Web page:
I don't know if I've ever posted on here. I'm an investor who is in the middle of my first hard money loan purchase. I was hoping I could use this process to buy 2 properties, but at the rate things are going, this is going to take a lot more of my available cash than I had anticipated... Anyway, here's my question:
Do all hard money loans require a repair escrow? I bought a property well below appraised value ($88K/$145K), but it needs some repairs ($13-14K). I already paid $5k down as a deposit, so the amount of the total loan without financing fees etc should be about $97K. Assuming $5-$6k in financing I was under the impression the hard money loan would include funds for the repairs and I wouldn't have to come out of pocket too much as long as the price of the house and price of repairs doesn't exceed 75% of the market value of the home ($109K). Yet, for some reason, I had to bring a significant chunk of change to the closing for a repair escrow (holdback) $13,650. What I find most aggravating about this escrow is not only did I bring the money for the repairs to closing, but I had to pay a fee to make a draw from the escrow! I'm literally paying a fee to access my own money!
I thought the whole point of hard money lending was to use other people's money for this sort of thing?
Augustine - that is a good question and funny you should ask. I just started posting on this site very recently and have been lamenting the amount people act like a hard money loan, private loan or commercial loan is just going to allow them to close with no issues. Like there are no negative aspects (aside from rates/costs).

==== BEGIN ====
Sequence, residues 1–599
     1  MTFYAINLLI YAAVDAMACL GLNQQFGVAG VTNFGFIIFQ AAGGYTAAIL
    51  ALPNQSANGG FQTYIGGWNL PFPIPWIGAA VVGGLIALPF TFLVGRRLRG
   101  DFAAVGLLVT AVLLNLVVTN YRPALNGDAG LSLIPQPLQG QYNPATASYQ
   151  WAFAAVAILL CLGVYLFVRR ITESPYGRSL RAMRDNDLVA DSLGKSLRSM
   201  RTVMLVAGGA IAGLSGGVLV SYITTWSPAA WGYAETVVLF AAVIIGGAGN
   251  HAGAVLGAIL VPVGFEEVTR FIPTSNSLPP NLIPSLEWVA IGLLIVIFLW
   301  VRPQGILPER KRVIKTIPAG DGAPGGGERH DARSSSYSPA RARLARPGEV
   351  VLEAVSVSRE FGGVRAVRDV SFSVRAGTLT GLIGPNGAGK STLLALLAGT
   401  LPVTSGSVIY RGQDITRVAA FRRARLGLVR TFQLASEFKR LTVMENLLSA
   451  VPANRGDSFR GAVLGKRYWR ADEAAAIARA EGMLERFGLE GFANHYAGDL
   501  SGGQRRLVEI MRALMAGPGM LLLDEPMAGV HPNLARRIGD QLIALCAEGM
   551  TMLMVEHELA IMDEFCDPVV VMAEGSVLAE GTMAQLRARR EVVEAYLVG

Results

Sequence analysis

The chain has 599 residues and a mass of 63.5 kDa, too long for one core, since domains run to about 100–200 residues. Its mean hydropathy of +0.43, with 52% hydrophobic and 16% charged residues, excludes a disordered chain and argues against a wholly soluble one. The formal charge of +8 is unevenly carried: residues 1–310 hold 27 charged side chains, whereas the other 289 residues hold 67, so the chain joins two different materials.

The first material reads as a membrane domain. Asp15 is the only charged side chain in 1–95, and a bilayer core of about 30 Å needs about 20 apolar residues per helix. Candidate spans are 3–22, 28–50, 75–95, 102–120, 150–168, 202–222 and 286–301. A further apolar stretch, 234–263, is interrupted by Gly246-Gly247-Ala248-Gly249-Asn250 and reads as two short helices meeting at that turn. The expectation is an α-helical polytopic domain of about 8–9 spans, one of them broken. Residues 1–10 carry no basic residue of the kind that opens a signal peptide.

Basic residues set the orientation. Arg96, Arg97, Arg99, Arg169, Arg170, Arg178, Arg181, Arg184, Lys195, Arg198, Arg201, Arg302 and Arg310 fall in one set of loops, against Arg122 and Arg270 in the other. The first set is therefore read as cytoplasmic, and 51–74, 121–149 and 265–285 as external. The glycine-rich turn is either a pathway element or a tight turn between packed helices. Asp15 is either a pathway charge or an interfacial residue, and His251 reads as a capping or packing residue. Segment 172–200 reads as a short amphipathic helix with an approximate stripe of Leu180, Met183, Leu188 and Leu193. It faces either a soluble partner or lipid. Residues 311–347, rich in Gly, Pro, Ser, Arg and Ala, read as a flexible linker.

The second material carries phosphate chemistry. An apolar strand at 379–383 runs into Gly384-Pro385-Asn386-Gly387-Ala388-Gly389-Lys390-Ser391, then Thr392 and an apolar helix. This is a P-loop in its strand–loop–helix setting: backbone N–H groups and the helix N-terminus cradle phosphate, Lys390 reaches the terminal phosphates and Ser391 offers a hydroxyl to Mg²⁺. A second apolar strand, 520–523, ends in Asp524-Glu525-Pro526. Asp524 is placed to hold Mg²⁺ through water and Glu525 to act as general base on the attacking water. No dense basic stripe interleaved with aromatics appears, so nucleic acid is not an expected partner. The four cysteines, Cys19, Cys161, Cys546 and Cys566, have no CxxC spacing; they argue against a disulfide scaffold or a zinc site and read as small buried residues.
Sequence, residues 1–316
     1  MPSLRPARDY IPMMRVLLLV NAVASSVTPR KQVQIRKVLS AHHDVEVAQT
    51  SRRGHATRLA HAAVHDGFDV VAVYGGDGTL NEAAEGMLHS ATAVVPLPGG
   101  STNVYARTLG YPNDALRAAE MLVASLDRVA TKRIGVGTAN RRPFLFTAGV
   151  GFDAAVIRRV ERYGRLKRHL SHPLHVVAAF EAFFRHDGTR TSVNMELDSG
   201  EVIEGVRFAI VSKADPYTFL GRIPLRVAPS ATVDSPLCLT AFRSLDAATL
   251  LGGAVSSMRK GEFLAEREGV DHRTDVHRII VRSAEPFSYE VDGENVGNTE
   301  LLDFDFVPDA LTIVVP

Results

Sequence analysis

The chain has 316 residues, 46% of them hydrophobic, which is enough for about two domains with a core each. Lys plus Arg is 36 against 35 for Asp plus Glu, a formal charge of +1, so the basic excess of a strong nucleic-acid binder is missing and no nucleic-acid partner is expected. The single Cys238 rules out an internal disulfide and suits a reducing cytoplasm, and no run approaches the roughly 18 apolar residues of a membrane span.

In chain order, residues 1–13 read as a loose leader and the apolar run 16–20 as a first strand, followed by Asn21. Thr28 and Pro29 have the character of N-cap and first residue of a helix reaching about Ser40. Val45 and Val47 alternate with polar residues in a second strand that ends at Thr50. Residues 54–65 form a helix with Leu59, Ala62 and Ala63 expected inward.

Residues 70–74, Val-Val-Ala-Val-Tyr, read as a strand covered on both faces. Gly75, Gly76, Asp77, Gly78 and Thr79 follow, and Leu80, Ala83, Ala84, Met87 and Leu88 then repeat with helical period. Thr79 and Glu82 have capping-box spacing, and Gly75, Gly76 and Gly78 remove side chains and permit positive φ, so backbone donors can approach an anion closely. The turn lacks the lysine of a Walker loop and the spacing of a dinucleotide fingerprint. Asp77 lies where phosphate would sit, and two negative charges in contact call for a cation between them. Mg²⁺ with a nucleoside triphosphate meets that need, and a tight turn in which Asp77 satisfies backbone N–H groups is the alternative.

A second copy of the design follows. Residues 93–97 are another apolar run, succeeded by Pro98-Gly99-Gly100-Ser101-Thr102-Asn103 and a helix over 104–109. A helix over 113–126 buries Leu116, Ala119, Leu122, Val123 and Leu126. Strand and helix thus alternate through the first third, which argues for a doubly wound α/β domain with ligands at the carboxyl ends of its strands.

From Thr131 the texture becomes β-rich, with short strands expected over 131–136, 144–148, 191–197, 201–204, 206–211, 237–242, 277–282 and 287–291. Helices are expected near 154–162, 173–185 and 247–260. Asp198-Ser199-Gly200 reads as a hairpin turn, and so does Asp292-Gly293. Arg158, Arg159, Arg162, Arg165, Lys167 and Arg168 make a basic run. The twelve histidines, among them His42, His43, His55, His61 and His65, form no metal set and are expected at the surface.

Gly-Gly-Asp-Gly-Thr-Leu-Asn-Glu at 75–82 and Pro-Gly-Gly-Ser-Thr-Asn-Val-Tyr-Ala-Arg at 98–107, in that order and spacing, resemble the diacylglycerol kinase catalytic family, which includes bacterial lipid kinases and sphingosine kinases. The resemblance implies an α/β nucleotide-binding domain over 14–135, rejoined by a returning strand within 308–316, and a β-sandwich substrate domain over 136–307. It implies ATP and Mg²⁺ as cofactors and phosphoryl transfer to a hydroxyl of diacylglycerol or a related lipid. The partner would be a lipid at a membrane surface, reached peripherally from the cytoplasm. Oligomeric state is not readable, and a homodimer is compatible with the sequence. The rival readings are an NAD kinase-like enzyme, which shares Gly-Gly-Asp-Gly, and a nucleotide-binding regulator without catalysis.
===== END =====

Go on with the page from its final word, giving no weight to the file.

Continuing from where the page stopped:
You can't really paint the scenario with one brush - lots of transactions are different. But when it comes down to any loan, start thinking like the creditor. If there are large issues - structural, safety issues with a home, you can pretty much bet a creditor is going to want to hold a repair escrow on top of everything.
Think about it this way - your promise to pay your loan is pretty much worthless (exaggerating but slightly true). You could lose your job or worse. So ultimately, what matters the most to a creditor is that piece of collateral you are securing the loan with. What are the issues baring resale? What would a creditor need to do to a home before they had no issues selling it to a wide range of people? If the repairs needed greatly impact the marketability of the property, then you can bet the creditor would be asking for a repair escrow.
Some properties certainly will not need this and there are plenty of hard money loans that will close without this. But they are very much so property specific and cannot be blanketed with a response otherwise.
If I have serious reservations about my upcoming closing process to get out of the hard money loan, and suspect my lender is trying to rip me off, who would I go to? Would a real estate lawyer be the person to go through who can help figure out the financials? I'm really starting to regret this whole purchase.
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